1. Eger EI 2nd, Koblin DD, Harris RA, Kendig JJ, Pohorille A, Halsey MJ, Trudell JR. Hypothesis: Inhaled anesthetics produce immobility and amnesia by different mechanisms at different sites. Anesth Analg. 1997;84:915–8
2. Alkire MT, Gorski LA. Relative amnesic potency of five inhalational anesthetics follows the Meyer-Overton rule. Anesthesiology. 2004;101:417–29
3. Perouansky M, Rau V, Ford T, Oh SI, Perkins M, Eger EI 2nd, Pearce RA. Slowing of the hippocampal θ rhythm correlates with anesthetic-induced amnesia. Anesthesiology. 2010;113:1299–309
4. Bekker AY, Kaufman B, Samir H, Doyle W. The use of dexmedetomidine infusion for awake craniotomy. Anesth Analg. 2001;92:1251–3
5. Grant SA, Breslin DS, MacLeod DB, Gleason D, Martin G. Dexmedetomidine infusion for sedation during fiberoptic intubation: A report of three cases. J Clin Anesth. 2004;16:124–6
6. Maze M, Scarfini C, Cavaliere F. New agents for sedation in the intensive care unit. Crit Care Clin. 2001;17:881–97
7. Mizobe T, Maghsoudi K, Sitwala K, Tianzhi G, Ou J, Maze M. Antisense technology reveals the α2A adrenoceptor to be the subtype mediating the hypnotic response to the highly selective agonist, dexmedetomidine, in the locus coeruleus of the rat. J Clin Invest. 1996;98:1076–80
8. Rabin BC, Guo TZ, Gregg K, Maze M. Role of serotonergic neurotransmission in the hypnotic response to dexmedetomidine, an α2-adrenoceptor agonist. Eur J Pharmacol. 1996;306:51–9
9. Ebert TJ, Hall JE, Barney JA, Uhrich TD, Colinco MD. The effects of increasing plasma concentrations of dexmedetomidine in humans. Anesthesiology. 2000;93:382–94
10. Pryor KO, Reinsel RA, Mehta M, Li Y, Wixted JT, Veselis RA. Visual P2-N2 complex and arousal at the time of encoding predict the time domain characteristics of amnesia for multiple intravenous anesthetic drugs in humans. Anesthesiology. 2010;113:313–26
11. van Oostrom H, Stienen PJ, Doornenbal A, Hellebrekers LJ. The α(2)-adrenoceptor agonist dexmedetomidine suppresses memory formation only at doses attenuating the perception of sensory input. Eur J Pharmacol. 2010;629:58–62
12. Scoville WB, Milner B. Loss of recent memory after bilateral hippocampal lesions. J Neurol Neurosurg Psychiatry. 1957;20:11–21
13. McGaugh JL. The amygdala modulates the consolidation of memories of emotionally arousing experiences. Annu Rev Neurosci. 2004;27:1–28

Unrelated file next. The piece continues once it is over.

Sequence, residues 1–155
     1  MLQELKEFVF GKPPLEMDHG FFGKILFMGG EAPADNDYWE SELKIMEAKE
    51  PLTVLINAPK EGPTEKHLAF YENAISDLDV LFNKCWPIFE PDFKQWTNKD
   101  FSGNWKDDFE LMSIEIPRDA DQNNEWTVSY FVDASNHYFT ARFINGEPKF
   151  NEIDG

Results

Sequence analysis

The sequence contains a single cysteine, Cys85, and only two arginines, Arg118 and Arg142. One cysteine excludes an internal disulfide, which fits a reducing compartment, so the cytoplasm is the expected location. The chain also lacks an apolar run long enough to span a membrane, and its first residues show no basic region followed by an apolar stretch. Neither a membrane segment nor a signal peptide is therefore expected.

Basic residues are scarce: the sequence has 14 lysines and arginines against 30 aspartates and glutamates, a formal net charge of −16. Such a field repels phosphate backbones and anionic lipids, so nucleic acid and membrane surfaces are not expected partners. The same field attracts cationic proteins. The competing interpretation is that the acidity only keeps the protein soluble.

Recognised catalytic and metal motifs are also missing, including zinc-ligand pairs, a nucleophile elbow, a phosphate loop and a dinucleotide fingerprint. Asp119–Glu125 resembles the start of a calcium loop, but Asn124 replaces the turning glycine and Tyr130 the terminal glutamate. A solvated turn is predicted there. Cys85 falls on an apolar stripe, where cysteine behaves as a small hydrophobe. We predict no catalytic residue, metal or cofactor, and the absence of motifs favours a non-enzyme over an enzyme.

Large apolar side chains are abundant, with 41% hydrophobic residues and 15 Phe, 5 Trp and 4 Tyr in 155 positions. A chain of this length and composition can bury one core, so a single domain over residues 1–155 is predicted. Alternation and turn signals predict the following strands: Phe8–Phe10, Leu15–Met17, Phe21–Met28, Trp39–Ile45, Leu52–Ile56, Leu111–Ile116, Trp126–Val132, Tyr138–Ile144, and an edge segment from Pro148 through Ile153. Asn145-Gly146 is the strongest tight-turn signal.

14. Alkire MT, Vazdarjanova A, Dickinson-Anson H, White NS, Cahill L. Lesions of the basolateral amygdala complex block propofol-induced amnesia for inhibitory avoidance learning in rats. Anesthesiology. 2001;95:708–15
15. Ren Y, Zhang FJ, Xue QS, Zhao X, Yu BW. Bilateral inhibition of GABAA receptor function within the basolateral amygdala blocked blocked propofol-induced amnesia and activity-regulated cytoskeletal protein expression inhibition in the hippocampus. Anesthesiology. 2008;109:775–81
16. Alkire MT, Nathan SV. Does the amygdala mediate anesthetic-induced amnesia? Basolateral amygdala lesions block sevoflurane-induced amnesia. Anesthesiology. 2005;102:754–60
17. Li Q, Liu XS, Zeng QW, Xue QS, Cao XH, Liu J, Ren Y, Yu BW. Post-training intra-basolateral amygdala infusions of norepinephrine block sevoflurane-induced impairment of memory consolidation and activity-regulated cytoskeletal protein expression inhibition in rat hippocampus. Neurobiol Learn Mem. 2011;96:492–7
18. Tomaz C, Dickinson-Anson H, McGaugh JL. Basolateral amygdala lesions block diazepam-induced anterograde amnesia in an inhibitory avoidance task. Proc Natl Acad Sci U S A. 1992;89:3615–9
19. Canal CE, Chang Q, Gold PE. Intra-amygdala injections of CREB antisense impair inhibitory avoidance memory: Role of norepinephrine and acetylcholine. Learn Mem. 2008;15:677–86
20. McIntyre CK, Hatfield T, McGaugh JL. Amygdala norepinephrine levels after training predict inhibitory avoidance retention performance in rats. Eur J Neurosci. 2002;16:1223–6
21. Cahill L, Prins B, Weber M, McGaugh JL. Beta-adrenergic activation and memory for emotional events. Nature. 1994;371:702–4
22. Brewer JB, Zhao Z, Desmond JE, Glover GH, Gabrieli JD. Making memories: Brain activity that predicts how well visual experience will be remembered. Science. 1998;281:1185–7
23. Cahill L, Haier RJ, Fallon J, Alkire MT, Tang C, Keator D, Wu J, McGaugh JL. Amygdala activity at encoding correlated with long-term, free recall of emotional information. Proc Natl Acad Sci U S A. 1996;93:8016–21
24. Wagner AD, Schacter DL, Rotte M, Koutstaal W, Maril A, Dale AM, Rosen BR, Buckner RL. Building memories: Remembering and forgetting of verbal experiences as predicted by brain activity. Science. 1998;281:1188–91
25. McGaugh JL. Memory–a century of consolidation. Science. 2000;287:248–51
26. Canli T, Zhao Z, Brewer J, Gabrieli JD, Cahill L. Event-related activation in the human amygdala associates with later memory for individual emotional experience. J Neurosci. 2000;20:RC99